Developing capabilities to launch satellites into two different orbits in a single mission offers ISRO more flexibility to manage their order book.

Currently, it is important to understand the relevance of the development of Vega vehicle and ISRO’s “flirting” with PSLV towards developing multiple and multi-orbit payload delivery systems from a commercial perspective. It is a bit early to predict with certainty that twin-orbit maneuver capability will be in great demand in the immediate future. However, it is becoming increasingly clear that both nation-states and private players value small satellites, being low-mass and low-volume platforms that can be sent into orbit for less cost. Today, many smaller states are keen to launch their own satellites, and small satellites offer them viable options. Internet service providers are making significant investments in this field. Also, the strategic utility of such systems is obvious, and all this is pushing various space agencies into developing an exclusive new generation of small satellite launch vehicles.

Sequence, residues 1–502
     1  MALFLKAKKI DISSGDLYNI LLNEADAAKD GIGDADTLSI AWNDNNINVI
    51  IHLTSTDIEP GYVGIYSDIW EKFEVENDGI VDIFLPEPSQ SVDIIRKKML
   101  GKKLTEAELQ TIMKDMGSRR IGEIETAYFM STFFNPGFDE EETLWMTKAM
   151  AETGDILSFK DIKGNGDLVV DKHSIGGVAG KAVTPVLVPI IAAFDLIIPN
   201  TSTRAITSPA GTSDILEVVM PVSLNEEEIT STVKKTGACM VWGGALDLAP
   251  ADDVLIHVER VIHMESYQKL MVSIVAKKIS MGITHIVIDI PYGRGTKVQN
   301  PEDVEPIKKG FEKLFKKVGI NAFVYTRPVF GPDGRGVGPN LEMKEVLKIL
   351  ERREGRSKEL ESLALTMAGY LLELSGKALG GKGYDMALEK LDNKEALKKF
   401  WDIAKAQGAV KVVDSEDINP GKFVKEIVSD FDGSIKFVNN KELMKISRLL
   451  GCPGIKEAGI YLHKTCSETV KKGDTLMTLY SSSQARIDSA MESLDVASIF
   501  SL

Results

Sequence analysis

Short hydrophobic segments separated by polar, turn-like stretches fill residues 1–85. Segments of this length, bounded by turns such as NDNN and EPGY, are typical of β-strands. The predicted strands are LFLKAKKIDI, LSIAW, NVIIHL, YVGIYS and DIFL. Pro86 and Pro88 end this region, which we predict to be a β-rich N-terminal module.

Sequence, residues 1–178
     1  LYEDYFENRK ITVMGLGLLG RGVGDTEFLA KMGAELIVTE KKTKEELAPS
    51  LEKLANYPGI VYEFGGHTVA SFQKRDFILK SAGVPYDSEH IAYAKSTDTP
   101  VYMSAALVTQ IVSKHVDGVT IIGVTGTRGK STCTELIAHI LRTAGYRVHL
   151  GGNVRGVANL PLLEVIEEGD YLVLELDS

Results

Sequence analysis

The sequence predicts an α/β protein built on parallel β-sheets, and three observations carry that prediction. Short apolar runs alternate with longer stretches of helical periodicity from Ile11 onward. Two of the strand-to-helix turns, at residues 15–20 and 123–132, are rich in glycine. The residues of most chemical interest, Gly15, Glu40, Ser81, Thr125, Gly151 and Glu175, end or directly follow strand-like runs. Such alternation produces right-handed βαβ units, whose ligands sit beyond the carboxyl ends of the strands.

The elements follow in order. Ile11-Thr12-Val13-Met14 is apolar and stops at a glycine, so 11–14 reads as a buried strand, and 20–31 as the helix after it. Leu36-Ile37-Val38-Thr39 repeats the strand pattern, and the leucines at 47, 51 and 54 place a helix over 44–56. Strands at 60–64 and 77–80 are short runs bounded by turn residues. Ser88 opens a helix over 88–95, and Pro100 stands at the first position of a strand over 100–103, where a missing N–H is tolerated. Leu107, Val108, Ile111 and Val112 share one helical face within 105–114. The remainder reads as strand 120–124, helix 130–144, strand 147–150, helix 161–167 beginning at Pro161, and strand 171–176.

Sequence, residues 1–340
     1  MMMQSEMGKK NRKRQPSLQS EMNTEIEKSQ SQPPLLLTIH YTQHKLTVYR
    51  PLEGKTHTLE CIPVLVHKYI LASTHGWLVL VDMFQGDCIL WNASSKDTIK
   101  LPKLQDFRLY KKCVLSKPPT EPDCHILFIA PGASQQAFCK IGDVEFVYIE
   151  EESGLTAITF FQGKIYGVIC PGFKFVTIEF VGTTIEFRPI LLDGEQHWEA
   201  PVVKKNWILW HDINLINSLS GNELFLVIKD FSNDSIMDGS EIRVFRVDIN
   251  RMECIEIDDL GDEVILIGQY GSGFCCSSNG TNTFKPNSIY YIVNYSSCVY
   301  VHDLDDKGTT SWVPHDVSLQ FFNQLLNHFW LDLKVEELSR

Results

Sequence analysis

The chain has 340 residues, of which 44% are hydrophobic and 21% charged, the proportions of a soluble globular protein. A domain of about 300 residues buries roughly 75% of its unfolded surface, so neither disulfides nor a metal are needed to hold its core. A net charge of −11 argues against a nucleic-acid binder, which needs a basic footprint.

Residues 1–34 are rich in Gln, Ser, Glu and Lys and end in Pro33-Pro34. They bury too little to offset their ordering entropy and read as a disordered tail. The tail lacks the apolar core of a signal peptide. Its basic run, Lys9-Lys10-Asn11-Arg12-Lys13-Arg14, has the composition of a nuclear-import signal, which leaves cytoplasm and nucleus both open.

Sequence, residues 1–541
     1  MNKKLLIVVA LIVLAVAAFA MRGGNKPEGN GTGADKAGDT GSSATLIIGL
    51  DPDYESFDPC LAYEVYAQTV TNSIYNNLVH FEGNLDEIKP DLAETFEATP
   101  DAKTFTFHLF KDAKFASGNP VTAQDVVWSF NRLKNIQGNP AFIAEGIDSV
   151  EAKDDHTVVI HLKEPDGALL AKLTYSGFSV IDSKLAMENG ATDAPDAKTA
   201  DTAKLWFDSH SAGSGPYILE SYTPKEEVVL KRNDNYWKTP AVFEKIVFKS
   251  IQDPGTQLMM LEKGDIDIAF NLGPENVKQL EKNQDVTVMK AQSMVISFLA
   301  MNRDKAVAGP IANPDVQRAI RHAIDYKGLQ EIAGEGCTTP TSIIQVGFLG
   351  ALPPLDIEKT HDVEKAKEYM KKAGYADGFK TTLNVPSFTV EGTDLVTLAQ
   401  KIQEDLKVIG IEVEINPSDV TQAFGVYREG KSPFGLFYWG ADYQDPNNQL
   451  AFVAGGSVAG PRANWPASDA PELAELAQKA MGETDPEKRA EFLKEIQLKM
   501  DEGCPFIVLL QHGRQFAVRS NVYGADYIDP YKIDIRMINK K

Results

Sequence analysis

Presently, ISRO does not have a major share of the global small satellite launch market; however, they are found making steady progress. The PSLV C-35 mission carried five satellites for foreign customers: three for Algeria and one each for Canada and the United States. The recent seventh mission of Vega had clients like Google subsidiary Terra Bella. Interestingly, a few months back ISRO has also launched satellite for the same client and is scheduled to carry their payload to space in the future as well. All this demonstrates the enhancement of ISRO’s global credibility. ISRO has launched 79 satellites for the foreign customers to date, but, their order book indicates that the demand for ISRO’s launching services is sharply increasing.

Developing capabilities to launch satellites into two different orbits in a single mission offers ISRO more flexibility to manage their order book. It also demonstrates to prospective clients that ISRO has multiple launching options available and hence they could get their satellites launched more quickly if they want to work with ISRO.